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The Restroom Access Act: A Matter of Dignity | ChroniCarly

Today I was sent a link to a Facebook group Amplify Your Voice: Help Get Ally’s Law Passed in Virginia. I re-posted the link which started a discussion with a friend.

Some background. The Restroom Access Act is also known as Ally’s Law, named for Ally Bain, who was denied use of an “employees only” restroom while shopping at an Old Navy clothing store with her mother in 2004. As a direct result of the refusal, Ally had an “accident” right there in the store. Instead of being mortified and slinking away, Ally started a crusade to allow people with IBD and other medical emergencies to use employee only restrooms in stores that do not offer public facilities. You can read more about Ally’s story here. You can follow Ally on Twitter.

I believe the simple act of allowing bathroom access to customers will do a great deal to improve the quality of life for people suffering from chronic conditions like IBD. Many people I know, myself included, have a lot of anxiety about being out in public, away from restrooms. In extreme cases, this leads people to be shut ins. In more typical cases, not having easy access to a restroom creates stressful shopping experiences and leads to shortened browsing times. When I first began experiencing my own bathroom issues, my poor mother was really annoyed by my fast style of shopping. I had to rush in and rush out and schedule my errands around which stores had restrooms. There was no way I would go to two stores without restrooms in a row. Mom ended up being stressed out by what I needed to do to cope in these situations!

Since 2004 only 13 states [Colorado, Connecticut, Illinois, Kentucky, Massachusetts, Michigan, Minnesota, Ohio, Oregon, Tennessee, Texas, Wisconsin and Washington] have passed the Restroom Access Act. That is 26% of the 50 American states. This is unacceptable. Allowing individuals emergency access to a bathroom will not significantly increase costs to these businesses. The general public does not use the toilet much while out running errands anyway. I recently took a 10 hour road trip with my teen brother who only even had to urinate once, while (even with several medications) I had to stop every 1-2 hours to have a bowel movement. In fact, cleaning up a customer’s fecal accident would be much more trouble for a store than simply allowing the customer to use the employee only toilet. It comes down to this: should stores force seriously ill people to crap their pants in public when they could easily allow them access to the employee toilet?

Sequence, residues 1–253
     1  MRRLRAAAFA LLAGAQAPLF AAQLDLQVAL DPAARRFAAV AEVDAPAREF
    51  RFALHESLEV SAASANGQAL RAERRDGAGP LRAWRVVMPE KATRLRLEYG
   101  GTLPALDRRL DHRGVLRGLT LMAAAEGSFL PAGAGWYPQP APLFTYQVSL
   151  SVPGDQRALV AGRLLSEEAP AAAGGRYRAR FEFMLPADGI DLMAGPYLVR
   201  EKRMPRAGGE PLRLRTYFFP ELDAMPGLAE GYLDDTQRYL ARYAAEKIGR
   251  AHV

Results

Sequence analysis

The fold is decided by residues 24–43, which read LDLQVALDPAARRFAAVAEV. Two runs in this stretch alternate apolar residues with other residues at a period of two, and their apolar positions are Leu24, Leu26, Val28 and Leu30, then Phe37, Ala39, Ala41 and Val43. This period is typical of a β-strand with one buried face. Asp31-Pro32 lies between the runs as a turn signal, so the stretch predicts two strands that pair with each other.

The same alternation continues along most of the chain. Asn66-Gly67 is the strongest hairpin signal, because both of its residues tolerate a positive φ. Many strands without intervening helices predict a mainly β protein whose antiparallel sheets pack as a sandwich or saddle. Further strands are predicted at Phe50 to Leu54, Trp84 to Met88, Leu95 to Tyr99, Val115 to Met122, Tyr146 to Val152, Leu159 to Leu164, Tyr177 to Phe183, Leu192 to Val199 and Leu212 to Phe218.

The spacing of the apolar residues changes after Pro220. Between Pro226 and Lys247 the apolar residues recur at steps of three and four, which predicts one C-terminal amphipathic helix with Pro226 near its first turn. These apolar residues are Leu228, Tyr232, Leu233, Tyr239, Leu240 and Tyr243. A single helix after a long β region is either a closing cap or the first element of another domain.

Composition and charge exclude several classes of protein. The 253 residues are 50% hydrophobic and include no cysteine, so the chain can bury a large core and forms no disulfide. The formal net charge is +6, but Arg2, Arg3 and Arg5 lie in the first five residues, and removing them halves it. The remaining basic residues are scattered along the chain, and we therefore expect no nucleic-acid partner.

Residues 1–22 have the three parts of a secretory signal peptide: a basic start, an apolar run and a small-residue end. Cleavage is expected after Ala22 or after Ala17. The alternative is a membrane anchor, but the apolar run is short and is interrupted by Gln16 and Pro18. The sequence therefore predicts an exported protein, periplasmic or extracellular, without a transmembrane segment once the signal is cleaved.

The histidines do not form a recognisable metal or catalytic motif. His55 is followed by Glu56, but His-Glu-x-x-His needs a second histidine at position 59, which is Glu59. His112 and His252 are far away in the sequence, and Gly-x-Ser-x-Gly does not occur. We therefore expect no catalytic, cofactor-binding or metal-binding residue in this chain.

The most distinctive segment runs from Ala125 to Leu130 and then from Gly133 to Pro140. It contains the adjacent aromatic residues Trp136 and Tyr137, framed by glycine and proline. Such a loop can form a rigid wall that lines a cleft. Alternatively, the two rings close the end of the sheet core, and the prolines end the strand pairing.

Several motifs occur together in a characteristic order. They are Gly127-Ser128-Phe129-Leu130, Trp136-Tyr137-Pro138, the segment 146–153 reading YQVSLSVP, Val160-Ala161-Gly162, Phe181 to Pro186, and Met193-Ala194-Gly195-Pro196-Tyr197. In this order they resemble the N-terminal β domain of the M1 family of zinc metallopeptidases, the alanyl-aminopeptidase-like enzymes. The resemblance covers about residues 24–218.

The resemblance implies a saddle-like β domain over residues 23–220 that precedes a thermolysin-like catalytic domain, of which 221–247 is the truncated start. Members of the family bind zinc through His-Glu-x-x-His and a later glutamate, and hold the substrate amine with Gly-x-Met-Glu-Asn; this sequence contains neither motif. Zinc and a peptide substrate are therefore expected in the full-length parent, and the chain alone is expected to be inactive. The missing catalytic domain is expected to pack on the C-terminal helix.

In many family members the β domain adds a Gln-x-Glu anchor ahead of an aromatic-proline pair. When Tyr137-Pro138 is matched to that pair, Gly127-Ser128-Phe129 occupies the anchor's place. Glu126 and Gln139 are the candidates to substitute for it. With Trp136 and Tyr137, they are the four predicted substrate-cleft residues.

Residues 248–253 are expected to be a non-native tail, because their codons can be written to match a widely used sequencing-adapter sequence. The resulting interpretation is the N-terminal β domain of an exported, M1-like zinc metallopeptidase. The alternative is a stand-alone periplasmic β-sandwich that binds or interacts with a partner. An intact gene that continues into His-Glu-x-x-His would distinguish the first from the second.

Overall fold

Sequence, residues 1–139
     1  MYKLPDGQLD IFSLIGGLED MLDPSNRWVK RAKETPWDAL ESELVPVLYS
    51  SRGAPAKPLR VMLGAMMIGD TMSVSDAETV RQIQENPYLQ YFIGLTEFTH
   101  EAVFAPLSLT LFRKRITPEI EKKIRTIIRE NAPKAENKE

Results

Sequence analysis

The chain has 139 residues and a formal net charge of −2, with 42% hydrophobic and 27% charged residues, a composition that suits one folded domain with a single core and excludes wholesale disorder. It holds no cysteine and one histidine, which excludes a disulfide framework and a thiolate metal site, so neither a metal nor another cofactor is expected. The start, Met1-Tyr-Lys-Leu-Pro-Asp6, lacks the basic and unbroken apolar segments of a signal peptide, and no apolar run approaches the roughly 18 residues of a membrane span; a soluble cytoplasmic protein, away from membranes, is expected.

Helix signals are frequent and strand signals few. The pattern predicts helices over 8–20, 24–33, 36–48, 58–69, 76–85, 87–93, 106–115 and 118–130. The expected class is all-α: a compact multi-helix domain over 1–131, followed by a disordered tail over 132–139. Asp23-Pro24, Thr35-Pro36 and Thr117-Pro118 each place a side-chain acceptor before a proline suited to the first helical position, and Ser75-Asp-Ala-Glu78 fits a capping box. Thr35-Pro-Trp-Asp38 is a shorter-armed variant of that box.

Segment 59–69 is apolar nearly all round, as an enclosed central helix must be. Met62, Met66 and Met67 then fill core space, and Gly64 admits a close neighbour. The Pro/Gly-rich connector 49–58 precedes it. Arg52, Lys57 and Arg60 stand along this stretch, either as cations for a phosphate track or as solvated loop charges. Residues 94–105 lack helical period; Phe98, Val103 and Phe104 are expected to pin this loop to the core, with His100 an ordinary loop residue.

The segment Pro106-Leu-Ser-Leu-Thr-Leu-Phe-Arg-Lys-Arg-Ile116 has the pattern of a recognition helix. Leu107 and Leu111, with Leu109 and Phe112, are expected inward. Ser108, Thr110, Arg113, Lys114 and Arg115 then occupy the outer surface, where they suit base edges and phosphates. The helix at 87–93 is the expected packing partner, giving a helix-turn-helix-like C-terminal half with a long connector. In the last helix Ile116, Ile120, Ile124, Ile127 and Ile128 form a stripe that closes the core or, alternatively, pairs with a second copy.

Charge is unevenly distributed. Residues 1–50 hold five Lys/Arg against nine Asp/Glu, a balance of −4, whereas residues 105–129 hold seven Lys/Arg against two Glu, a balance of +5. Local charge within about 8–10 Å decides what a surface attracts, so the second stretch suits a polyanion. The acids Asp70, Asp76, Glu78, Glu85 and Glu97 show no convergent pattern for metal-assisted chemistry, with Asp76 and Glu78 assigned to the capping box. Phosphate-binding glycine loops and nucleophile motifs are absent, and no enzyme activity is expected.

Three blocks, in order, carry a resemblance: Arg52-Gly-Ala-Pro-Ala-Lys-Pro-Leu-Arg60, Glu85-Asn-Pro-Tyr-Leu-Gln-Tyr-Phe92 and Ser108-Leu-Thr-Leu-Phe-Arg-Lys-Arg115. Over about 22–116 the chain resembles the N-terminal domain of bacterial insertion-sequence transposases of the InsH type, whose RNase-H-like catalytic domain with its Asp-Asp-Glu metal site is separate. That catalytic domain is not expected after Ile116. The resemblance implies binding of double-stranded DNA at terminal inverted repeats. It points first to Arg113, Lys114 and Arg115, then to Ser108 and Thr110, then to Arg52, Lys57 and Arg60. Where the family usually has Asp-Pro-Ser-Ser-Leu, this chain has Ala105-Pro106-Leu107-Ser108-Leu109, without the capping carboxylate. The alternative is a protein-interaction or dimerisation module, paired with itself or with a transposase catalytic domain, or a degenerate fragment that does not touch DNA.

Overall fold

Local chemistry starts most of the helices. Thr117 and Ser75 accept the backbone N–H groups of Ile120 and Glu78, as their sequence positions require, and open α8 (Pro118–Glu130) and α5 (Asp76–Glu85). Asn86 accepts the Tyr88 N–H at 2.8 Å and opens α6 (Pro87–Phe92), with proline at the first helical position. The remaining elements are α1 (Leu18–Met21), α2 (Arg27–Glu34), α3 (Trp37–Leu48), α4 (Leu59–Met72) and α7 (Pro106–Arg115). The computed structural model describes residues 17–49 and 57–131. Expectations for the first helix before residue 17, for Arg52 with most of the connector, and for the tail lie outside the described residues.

However, even if the law has passed in your state, you may still be in for trouble. The time it takes to find an employee, explain your need, “seem” disabled enough, etc… could be the difference between making it to the bathroom in time or having an embarrassing public accident. For many people it is very embarrassing to even have to ask someone if they can use the bathroom and then what level of disclosure is needed? I’ve heard stories of people saying they have Crohn’s or IBD and the employee saying that didn’t “qualify” and denying access!

The law is being passed mainly thanks to grassroots efforts. Click here to learn more about Ally’s Law and how you can help get it passed in your state and federally!

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